Insiders say Modi would be keen on digging out details of numerous land deals with industrialist houses and port developers around the Gulf of Kutch and transfer of land into hands of those who were close to the previous regime.

Besides, huge tracts of land in and around Rajkot had exchanged hands of late, and the revenue department had played facilitator in such activities.

Also, several land deals had been struck and were in the process of being executed. Any change of guard could disrupt the process.

Which is why Modi would be keen to have a person, in whom he has complete confidence, to head a department which could provide crucial ammunition to counter his adversaries within the party.

News Source : The Times of India [India's best Newspaper]


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Kanjibhai to revive textile units Thursday, October 11, 2001

TIMES NEWS NETWORK
GANDHINAGAR: New labour and employment minister Kanjibhai Patel says his first priority will be to explore possibilities of re-starting some of the closed and 'sick' textile units of the National Textile Corporation, on the lines of Jehangir Vakil Mill in Ahmedabad, which reopened last week.

While speaking to reporters, Patel said serious efforts would be made to re-start the textile units in consultation with Union textile minister Kashiram Rana.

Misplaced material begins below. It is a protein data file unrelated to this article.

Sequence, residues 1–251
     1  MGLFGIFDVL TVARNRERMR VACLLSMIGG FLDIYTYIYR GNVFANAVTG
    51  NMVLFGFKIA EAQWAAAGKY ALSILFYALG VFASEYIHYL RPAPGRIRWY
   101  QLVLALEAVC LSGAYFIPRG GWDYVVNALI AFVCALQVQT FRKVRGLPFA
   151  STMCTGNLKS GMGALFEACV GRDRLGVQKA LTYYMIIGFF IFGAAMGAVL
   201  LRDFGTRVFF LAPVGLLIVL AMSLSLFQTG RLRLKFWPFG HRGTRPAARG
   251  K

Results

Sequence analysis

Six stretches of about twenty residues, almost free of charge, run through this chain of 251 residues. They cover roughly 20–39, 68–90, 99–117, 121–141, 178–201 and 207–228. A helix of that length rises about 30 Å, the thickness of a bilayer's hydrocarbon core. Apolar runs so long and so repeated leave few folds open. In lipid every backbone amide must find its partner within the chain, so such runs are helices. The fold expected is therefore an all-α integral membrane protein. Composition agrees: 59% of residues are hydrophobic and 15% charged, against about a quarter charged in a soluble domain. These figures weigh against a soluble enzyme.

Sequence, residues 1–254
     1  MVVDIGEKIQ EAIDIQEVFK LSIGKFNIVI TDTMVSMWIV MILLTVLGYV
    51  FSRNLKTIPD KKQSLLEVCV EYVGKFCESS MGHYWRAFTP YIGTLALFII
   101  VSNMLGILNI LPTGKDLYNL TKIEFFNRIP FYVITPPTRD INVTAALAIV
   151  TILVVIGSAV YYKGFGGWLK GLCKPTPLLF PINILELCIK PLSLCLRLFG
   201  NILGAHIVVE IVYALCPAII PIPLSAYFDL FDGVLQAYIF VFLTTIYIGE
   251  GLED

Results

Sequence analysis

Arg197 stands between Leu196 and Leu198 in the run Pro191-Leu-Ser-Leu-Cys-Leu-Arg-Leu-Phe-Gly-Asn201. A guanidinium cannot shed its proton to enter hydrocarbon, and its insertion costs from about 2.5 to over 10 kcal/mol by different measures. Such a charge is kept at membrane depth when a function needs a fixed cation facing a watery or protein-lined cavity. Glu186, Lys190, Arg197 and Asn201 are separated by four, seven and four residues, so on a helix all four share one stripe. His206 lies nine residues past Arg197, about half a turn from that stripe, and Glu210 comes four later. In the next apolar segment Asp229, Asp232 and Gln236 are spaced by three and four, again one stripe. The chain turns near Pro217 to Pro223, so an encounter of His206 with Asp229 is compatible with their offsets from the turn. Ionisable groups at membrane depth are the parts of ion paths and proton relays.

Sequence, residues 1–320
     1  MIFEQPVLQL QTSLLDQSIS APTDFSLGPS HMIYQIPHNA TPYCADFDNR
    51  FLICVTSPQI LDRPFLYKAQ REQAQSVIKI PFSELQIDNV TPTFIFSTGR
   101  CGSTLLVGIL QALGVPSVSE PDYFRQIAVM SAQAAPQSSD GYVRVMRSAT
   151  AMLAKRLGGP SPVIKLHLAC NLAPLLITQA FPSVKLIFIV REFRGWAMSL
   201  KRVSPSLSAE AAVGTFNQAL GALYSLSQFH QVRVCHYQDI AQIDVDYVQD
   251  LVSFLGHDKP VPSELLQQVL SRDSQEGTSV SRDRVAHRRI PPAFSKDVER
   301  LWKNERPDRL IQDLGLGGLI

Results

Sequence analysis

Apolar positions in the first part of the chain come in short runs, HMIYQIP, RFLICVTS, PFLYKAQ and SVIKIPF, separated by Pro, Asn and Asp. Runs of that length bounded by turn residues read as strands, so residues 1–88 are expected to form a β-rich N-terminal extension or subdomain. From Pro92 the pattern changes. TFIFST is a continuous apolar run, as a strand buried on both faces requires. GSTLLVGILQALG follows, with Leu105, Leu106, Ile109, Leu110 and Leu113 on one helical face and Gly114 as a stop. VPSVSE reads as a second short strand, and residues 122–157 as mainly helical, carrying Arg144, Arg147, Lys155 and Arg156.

A joint meeting would be soon held between state officials and textile ministry officials either in Gandhinagar or New Delhi, to discuss the issue.

Kanjibhai admitted that the general slowdown of economy posed a threat to employment, but asserted that the government would strictly enforce laws aimed at protecting industrial workers.

He has summoned officials from labour and employment commissionerate on Wednesday to review the implementation of 53 labour laws in the state.

When asked about former chief minister Keshubhai Patel's plan to provide part-time jobs to 1,00,000 unemployed youth with salaries ranging from Rs 1,500 to Rs 2,000, Patel replied, "We will implement the plan as it was BJP's commitment to the unemployed youth... there is no plan to abandon it."

Referring to the job potential in the information technology sector, Patel said existing schemes for setting up computer training institutes by offering them incentives would be streamlined.

In last two years, more than 1.5 lakh students, including a large number of girls, have been trained in computers and a majority of them absorbed in offices and business establishments.